Thursday, 15 December 2011

Minister 'effs' himself

Australia's Communications Minister, Stephen Conroy, dropped the coyly described 'F bomb' live on television during a lunchtime address he gave this week to the National Press Club.

Stephen Conroy
Rather apt for a communications Minister, don't you think? Well a few of the Minister's political opponents, some no doubt from his own Party quite apart from those in the Opposition, as well as the usual small legion of  the 'holier than thou' set don't think so and they have got stuck into him for this lapse in good manners.

In the grand scheme of things his careless slip of the tongue is scarcely a hanging offence no matter how much the opponents might bleat. Yes, Minister Conroy should have exercised sufficient discipline not to 'F' in broad daylight on a rarely viewed program but if that proves to be his only mistake in a political career then he will have done rather well.

The  Minister's bigger mistake to my mind was an apparent failure to take the heat out of the issue with an immediate and unequivocal admission of error and apology. All he had to do was say 'I was careless in my language, I didn't intend any offence and I apologise unreservedly to anyone I have offended'. All the wind would be taken from the sails of the whingers.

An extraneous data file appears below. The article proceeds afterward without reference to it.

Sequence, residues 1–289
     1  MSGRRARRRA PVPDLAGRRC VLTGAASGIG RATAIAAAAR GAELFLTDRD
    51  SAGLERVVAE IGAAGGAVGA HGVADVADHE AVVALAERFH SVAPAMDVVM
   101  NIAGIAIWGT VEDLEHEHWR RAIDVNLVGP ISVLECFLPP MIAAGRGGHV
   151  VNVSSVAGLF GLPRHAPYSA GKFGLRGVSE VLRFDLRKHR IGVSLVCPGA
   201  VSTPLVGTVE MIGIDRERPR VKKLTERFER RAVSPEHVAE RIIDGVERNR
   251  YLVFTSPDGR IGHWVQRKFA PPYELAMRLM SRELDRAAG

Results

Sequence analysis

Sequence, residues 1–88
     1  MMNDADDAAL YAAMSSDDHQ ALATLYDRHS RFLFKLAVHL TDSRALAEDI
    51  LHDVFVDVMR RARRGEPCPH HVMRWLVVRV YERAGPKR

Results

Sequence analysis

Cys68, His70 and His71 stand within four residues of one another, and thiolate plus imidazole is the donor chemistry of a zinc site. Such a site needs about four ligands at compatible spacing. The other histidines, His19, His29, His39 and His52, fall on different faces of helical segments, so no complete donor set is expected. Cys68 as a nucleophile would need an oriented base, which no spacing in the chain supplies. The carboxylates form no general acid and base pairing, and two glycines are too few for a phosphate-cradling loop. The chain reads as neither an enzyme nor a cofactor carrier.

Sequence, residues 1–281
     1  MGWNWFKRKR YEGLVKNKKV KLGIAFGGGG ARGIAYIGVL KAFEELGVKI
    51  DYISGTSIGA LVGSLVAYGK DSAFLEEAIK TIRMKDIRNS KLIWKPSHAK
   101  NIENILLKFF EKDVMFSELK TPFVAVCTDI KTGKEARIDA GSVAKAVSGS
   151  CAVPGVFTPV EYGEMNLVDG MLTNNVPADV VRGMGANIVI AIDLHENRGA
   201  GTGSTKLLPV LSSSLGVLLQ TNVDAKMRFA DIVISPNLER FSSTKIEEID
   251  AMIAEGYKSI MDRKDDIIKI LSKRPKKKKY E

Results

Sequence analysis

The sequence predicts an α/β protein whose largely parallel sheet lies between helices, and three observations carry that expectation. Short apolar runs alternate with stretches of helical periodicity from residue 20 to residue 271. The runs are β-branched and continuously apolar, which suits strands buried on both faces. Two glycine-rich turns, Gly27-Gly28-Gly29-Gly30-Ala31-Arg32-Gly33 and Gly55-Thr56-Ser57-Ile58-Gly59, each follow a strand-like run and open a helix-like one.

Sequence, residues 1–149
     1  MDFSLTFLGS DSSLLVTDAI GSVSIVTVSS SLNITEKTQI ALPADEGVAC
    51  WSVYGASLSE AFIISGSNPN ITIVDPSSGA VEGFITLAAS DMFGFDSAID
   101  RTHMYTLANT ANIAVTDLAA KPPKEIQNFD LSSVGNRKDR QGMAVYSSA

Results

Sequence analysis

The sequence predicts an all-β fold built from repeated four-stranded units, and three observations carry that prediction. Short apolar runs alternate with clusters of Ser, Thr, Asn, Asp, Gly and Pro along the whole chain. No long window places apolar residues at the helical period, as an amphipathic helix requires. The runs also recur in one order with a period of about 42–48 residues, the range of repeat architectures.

The former Queensland state Premier Peter Beattie was a master of the speedy admission of guilt plus apology strategy whenever he was caught out over a matter. In fact towards the end of his career these apologies were coming so regularly they were almost the only utterances we were hearing from him in the other states. So well did this strategy work for Beattie that he won a number of re-elections against predictions and was able to retire on his own terms rather than be bundled from office as was predicted would be his fate.

Getting back to Conroy, as recently as this morning the Sydney media has quoted his staff as saying the Minister did nothing wrong. The needless and rather silly fire keeps being stoked.

Most politicians never seem to learn.


  1. In my opinion, this makes a public figure seem ream more real, down to earth and human.

  2. Your observations about Beattie are interesting. I can barely recall him. But yes, I do remember some mea culpas, now you mention it. I remember Goss better. All it would have taken Conroy was to say, oops, sorry, that was out of order. Call me precious if you will, but I think swearing is best saved for when you hit your thumb with a hammer or find your rent boi has cleaned out your bank account. Once public figures start swearing in public, then it really is all over red rover.